‘I feel bad when it’s gone wrong’: Meet the Cheshire weatherman behind Harry Potter and Game of Thrones

·4 min read
Harry Potter weather (Warner Bros)
Harry Potter weather (Warner Bros)

Harry Potter, Ron Weasely and Hermione Granger are gathered around Sirius Black as the full moon rises. It’s a crucial scene in The Prisoner of Azkaban that sees the escaped convict shed his human form and become a werewolf, foiling the trio’s capture of Peter Pettigrew, the man who betrayed Harry’s parents. There’s just one problem. The moon is completely covered by clouds.

“I think it took about four or five months after the initial request before they actually got the scene done,” Richard Wild tells me. In the past two decades, Wild – chief meteorologist at weather data site WeatherNet – has become Hollywood’s unofficial weatherman. When a studio wants rain, fog, sunshine, snow, or a full moon on a clear night, Wild is the man they call. From the new Game of Thrones spin-off House of the Dragon to Mission: Impossible, and come rain or shine, Wild is their man.

While one might not expect the meteorological conditions for a host of major Hollywood movies to be in the hands of an upbeat, middle-aged man from Cheshire, they very much are. Blockbuster hits such as Jurassic World: Dominion, Doctor Strange in the Multiverse of Madness, The Northman, Fantastic Beasts: The Secrets of Dumbledore, The Batman, No Time to Die, and Star Wars: The Rise of Skywalker are just some of his recent projects.

Wild’s showbiz-adjacent career began in 2002, after a Warner Bros executive became sick of dealing with a long list of people at the Met Office so called Wild instead. He asked him for the forecast at their studios in Leavesden, Hertfordshire, where the Pierce Brosnan Bond movie, Die Another Day, was being shot. “He was like a pebble in a pond,” Wild says. “He just dropped and ripples went out. I now have over one and a half thousand [industry] contacts and 200-250 film credits to my name.”

It’s an interesting career turn for a man who readily admits he’s not a big fan of film. So much so, that Wild forgets the names of movies he’s helped on, and it’s up to me to work them out based on the various plot points he can remember. “I feel sorry for the kids and the real fans, because I’ve touched props, met people, and I don’t really have any interest,” Wild says. Working extensively on Harry Potter, for instance, Wild was given special access to the set and was able to meet the core cast of Daniel Radcliffe, Emma Watson and Rupert Grint. Upon leaving, Wild saw crowds of fans at the studio hoping for a glimpse of the trio. “I saw so many fans begging for stuff and I’m thinking, I’ve touched Emma Watson’s cat,” he says of his brush with Crookshanks, Hermione’s feline companion.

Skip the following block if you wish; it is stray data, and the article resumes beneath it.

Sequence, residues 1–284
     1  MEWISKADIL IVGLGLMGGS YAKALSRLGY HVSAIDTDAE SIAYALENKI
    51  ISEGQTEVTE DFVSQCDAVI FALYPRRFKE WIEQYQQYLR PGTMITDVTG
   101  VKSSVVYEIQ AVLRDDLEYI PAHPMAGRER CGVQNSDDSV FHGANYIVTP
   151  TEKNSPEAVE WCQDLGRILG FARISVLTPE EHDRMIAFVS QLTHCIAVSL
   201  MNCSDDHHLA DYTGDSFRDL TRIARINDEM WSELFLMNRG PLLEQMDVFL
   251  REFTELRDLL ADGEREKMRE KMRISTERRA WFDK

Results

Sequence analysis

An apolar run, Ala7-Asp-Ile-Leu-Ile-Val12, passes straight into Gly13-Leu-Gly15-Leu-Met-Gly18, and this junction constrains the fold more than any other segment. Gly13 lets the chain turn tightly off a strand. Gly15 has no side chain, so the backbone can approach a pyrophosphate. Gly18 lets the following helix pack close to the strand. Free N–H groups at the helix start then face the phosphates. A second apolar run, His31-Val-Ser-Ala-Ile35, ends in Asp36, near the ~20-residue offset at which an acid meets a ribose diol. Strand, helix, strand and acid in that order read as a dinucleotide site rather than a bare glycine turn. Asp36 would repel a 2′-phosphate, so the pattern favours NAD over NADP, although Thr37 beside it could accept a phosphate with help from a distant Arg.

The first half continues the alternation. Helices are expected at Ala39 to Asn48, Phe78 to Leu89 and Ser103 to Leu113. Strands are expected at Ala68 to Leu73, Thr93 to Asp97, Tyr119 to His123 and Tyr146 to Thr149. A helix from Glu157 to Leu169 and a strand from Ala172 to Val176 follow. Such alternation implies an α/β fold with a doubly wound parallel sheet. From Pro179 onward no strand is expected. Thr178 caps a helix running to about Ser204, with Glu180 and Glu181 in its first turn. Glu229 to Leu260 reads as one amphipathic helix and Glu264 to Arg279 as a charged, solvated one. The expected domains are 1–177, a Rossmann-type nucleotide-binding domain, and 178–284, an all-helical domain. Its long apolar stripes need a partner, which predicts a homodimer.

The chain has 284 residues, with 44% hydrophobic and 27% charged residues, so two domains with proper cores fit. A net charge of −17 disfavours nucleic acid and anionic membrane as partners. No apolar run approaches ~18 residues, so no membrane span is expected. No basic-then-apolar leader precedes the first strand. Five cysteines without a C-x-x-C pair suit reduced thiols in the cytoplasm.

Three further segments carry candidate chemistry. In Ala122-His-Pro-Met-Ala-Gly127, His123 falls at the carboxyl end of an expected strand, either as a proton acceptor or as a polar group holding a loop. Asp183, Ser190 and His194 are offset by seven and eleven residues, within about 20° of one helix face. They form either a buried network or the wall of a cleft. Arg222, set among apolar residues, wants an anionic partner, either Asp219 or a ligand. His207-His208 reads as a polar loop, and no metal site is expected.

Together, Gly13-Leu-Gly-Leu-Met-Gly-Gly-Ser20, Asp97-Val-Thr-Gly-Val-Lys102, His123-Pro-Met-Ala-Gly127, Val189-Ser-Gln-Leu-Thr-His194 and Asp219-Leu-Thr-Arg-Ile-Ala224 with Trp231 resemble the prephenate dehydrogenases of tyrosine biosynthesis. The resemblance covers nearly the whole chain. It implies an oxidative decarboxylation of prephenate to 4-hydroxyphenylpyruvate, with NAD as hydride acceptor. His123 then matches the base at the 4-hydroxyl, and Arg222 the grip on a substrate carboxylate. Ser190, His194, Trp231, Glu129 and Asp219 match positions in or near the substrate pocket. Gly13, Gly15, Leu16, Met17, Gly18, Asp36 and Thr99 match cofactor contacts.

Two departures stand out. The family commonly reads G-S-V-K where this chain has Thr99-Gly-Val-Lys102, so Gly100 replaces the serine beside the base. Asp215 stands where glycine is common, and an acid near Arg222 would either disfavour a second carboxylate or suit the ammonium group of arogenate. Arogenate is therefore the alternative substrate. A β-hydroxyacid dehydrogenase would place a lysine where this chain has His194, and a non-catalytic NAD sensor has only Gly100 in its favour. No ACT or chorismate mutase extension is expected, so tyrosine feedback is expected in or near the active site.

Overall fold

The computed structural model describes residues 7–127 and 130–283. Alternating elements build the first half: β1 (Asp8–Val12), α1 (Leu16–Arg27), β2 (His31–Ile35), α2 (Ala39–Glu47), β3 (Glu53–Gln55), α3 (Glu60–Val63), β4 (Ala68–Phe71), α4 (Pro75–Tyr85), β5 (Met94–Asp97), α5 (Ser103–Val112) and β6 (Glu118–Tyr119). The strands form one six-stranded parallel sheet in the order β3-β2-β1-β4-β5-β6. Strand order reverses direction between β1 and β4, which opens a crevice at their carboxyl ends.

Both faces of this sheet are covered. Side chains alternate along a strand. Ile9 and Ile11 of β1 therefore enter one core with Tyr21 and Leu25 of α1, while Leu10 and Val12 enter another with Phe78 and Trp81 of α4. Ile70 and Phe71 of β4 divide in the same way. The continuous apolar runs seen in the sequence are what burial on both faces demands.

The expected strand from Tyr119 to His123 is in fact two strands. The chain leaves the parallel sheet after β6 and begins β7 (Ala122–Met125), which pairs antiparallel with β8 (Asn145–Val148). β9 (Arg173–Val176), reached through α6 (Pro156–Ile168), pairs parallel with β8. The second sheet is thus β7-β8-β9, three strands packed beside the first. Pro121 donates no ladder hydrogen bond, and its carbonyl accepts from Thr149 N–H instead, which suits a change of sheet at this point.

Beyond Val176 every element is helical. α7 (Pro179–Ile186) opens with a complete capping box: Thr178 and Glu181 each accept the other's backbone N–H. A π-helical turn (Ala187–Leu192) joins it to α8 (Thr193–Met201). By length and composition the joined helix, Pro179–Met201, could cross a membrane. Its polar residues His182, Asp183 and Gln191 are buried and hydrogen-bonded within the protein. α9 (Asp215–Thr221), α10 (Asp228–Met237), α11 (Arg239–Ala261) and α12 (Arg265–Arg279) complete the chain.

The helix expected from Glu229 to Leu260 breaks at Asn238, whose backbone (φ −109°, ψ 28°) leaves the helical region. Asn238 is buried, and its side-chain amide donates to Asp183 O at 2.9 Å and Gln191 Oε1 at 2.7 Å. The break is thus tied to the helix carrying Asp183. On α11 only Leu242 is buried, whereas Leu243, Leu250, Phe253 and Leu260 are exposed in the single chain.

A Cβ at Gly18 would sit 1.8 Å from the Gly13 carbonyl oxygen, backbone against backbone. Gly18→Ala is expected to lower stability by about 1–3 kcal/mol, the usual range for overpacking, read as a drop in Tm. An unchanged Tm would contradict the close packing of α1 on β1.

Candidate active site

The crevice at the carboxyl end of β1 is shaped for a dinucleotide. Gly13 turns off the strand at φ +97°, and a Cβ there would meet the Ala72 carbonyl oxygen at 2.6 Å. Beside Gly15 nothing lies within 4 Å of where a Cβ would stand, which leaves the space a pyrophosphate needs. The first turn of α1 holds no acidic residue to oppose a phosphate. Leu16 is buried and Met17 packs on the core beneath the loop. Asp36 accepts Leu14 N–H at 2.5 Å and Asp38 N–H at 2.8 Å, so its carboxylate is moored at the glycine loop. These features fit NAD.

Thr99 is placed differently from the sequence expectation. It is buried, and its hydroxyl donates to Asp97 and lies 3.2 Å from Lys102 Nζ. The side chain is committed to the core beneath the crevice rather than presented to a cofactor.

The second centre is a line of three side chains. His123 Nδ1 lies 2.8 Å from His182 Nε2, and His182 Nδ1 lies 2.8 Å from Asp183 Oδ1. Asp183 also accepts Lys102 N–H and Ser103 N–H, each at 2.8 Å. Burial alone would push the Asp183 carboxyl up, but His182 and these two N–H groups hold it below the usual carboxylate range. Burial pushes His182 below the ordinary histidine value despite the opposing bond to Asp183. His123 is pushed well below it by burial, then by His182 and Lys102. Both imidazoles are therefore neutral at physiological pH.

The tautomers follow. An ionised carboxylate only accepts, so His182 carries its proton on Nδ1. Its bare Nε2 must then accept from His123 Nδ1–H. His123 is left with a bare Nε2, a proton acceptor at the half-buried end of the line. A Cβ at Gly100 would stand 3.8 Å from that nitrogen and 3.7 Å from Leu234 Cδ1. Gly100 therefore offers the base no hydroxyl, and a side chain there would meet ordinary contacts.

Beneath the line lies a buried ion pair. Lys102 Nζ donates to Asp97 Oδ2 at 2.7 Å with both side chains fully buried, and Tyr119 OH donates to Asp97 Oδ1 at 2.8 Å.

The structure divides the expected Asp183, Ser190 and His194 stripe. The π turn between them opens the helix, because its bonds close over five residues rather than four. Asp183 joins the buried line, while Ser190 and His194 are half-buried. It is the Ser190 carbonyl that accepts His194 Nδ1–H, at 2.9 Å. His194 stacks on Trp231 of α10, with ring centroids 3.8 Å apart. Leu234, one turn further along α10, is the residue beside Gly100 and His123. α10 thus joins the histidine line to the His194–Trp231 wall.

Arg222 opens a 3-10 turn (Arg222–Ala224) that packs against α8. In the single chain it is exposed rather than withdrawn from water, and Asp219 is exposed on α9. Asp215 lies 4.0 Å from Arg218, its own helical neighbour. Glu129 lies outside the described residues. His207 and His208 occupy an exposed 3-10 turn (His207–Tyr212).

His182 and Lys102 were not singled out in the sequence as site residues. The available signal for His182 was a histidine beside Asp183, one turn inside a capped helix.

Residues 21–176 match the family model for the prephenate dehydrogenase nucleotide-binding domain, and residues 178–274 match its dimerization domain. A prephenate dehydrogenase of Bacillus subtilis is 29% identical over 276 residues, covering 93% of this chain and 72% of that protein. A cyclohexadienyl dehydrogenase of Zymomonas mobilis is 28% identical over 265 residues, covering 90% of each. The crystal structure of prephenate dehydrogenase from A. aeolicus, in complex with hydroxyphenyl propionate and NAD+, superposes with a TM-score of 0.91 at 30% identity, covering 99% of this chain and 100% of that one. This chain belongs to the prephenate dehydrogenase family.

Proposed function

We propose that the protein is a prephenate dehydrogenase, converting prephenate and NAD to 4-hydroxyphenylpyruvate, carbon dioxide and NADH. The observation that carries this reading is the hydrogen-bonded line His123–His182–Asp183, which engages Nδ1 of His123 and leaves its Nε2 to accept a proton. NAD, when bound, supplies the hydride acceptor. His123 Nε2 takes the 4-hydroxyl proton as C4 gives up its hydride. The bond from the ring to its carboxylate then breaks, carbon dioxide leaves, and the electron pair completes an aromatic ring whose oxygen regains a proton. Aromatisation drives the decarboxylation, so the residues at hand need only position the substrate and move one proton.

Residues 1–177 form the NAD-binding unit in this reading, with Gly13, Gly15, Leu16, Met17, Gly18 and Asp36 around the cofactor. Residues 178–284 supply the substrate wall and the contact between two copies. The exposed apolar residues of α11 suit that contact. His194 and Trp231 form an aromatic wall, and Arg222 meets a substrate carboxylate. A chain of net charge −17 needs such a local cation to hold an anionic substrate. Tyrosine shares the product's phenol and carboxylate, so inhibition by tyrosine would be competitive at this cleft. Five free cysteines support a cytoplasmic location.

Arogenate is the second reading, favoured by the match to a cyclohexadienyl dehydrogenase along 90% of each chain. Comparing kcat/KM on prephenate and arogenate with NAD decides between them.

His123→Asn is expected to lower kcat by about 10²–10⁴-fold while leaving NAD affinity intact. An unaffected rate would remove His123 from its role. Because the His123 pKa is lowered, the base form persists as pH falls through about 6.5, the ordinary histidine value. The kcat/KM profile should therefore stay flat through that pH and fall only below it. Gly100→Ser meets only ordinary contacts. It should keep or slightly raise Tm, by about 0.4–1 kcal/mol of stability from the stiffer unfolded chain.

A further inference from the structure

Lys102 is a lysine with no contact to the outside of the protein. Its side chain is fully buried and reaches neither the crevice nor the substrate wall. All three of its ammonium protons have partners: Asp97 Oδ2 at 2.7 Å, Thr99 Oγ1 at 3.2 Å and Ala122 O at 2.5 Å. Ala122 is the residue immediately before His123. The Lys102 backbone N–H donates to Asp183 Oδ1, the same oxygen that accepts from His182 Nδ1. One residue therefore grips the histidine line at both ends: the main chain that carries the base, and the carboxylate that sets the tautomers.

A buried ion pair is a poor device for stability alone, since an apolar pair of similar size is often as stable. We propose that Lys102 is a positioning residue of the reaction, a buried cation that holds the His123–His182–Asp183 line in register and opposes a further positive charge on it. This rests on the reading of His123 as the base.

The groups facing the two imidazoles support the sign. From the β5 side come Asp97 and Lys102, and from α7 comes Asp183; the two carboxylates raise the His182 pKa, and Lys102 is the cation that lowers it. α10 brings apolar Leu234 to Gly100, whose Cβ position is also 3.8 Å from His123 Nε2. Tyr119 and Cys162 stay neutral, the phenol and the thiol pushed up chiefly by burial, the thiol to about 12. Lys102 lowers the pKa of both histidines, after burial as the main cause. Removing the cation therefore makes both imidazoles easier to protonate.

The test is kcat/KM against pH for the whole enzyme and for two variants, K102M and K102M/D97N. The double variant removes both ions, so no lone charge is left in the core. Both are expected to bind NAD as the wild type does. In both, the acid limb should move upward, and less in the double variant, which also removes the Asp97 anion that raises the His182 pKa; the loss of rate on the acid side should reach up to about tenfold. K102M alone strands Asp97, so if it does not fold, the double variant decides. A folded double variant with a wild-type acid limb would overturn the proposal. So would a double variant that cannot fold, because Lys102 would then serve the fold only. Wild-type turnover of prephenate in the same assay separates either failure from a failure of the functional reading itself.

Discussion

It’s not all special requests such as full moons, though. Wild tells me his work can vary from quick £13 jobs for a one-off forecast to many thousands of pounds if he’s working on a project long-term. The events of Sam Mendes’ World War I drama 1917 take place almost entirely outside, and Wild was so involved in the process that he received a credit in the film. “Seeing my name on the big screen with everybody, all the producers,” he says. “That’s really a humbling moment.”

Did someone order snow? (HBO)
Did someone order snow? (HBO)

Of course, the weather is a cruel mistress and not always willing to bend to the desires of meteorologists and moviemakers. What’s more, a single flubbed forecast could cause delays and cost production companies huge amounts of money. Has Wild ever faced the wrath of a producer when mother nature hasn’t quite played ball? “We were doing something in the Plymouth area, and quite simply it was awful in all aspects. We have sea fog coming in… It’s very difficult to predict.” Naturally, the fog decided to linger and the producer of the advert he’d been asked to forecast for was “irate”. “I was like, ‘I did warn about sea fog and it was predicted.’ I think she was just frustrated that we weren’t precise and I said, ‘You’re trying to be precise with a weather peril that isn’t precise!’”

Richard Wild, chief meteorologist at WeatherNet (Courtesy of Richard Wild)
Richard Wild, chief meteorologist at WeatherNet (Courtesy of Richard Wild)

Fortunately, Wild adds that most producers understand it’s hard to predict the unpredictable. “They realise that things do go wrong and I’ve got no problem in phoning and saying ‘listen, I know it went wrong. I’m very sorry. We just do our best.’ And they accept it. But, I feel bad when it’s really, really gone wrong,” Wild says.

Wild has previously described his job as “magical” – I ask why. “You get to meet people you wouldn’t expect to. And to touch things and see things like Dumbledore’s office,” he says. “Those little quirky things make me feel very lucky and privileged to have the job that I have.”

I leave him to get back to his forecast for the tenth instalment of the Fast and Furious franchise. In Fast X, Vin Diesel may or may not be rained on – and that depends entirely on Richard Wild.